Having a boat is one of life’s little rewards for your hard work and effort. Boating is a relaxing and enjoyable pastime and there’s nothing quite like launching off, the smell of the salt water and the breeze in your hair to make you truly appreciate your weekends. But if there’s one thing about owning a boat that isn’t so pleasant, it’s the upkeep. Especially when it comes to the fouling of the boat. For those of us out there who are not quite sure what fouling actually is, there are two types. Macrofouling and Microfouling.
Microfouling is made up of tiny, microscopic organisms like slime, bacteria and small algal life forms. Macrofouling are things like barnacles, muscles and seaweed. The most common form of fouling on recreational boats is microfouling. However, if you do dock your boat in the water for long periods of time, macrofouling is a problem and will build up. Thankfully there is a way to stop the fouling. With, you guessed it, anti-fouling.
Way back in the day, ships used to use whale grease or tar to anti-foul the boat. Luckily for you, there’s no longer the need to go pitch some tar onto your boat these days. Anti-fouling paints and semi-permanent treatments rely on a variety of biocides to deter and sometimes, if it’s needed, kill organic matter that will exist on the side of the boat. A polished gel-coat is the best form of anti-fouling for those who like to slice through the water at a speedy rate, giving your boat less drag than that of the standard copper oxide-based anti-fouling. It’s also the most environmentally friendly option available. We would recommend anti-fouling every 12-18 months to ensure that your boat is kept nice and clean from the fouling from those pesky microorganisms.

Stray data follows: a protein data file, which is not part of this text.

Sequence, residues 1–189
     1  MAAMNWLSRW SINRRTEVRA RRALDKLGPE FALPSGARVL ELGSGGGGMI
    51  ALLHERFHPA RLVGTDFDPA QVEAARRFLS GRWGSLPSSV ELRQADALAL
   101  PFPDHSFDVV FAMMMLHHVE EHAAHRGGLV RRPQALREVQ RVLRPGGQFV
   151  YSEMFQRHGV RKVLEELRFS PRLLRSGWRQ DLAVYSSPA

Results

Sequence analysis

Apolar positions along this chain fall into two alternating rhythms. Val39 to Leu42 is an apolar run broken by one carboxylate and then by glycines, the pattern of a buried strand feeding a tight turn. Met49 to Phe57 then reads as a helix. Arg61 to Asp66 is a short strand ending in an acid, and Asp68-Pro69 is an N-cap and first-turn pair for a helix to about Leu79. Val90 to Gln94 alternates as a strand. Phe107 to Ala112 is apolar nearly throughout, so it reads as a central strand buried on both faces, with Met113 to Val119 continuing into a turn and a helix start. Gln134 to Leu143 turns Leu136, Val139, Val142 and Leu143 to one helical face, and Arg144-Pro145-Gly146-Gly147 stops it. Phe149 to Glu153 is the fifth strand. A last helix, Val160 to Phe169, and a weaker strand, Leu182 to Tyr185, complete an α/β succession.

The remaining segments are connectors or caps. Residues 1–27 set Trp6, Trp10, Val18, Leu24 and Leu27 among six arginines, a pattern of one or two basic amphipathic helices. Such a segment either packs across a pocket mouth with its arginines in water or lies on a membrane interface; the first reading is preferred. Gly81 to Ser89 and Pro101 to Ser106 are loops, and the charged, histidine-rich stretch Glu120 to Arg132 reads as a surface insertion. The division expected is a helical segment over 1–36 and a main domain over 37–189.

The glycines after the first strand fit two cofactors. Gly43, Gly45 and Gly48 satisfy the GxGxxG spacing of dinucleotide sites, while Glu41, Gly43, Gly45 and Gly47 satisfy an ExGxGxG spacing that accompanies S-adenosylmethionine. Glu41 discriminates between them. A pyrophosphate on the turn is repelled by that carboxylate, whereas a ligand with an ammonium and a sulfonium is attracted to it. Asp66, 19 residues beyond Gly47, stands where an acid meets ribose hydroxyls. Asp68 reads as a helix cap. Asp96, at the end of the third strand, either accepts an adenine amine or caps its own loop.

To in order to enjoy the pleasures that are provided by having a boat, remember to have her upkeep at the forefront of your mind. You’ll thank yourself for it later, or you might find yourself scrubbing algae off the side of your boat and wondering where the hell the whale grease is.
For more boating tips and advice go to Bradford Marine at https://marinerepairsupplies.com.au/blog/ or you can check us out of Facebook at https://www.facebook.com/bradfordmarineaustralia or Google Plus at https://plus.google.com/+BradfordmarinemaintenanceAustralia.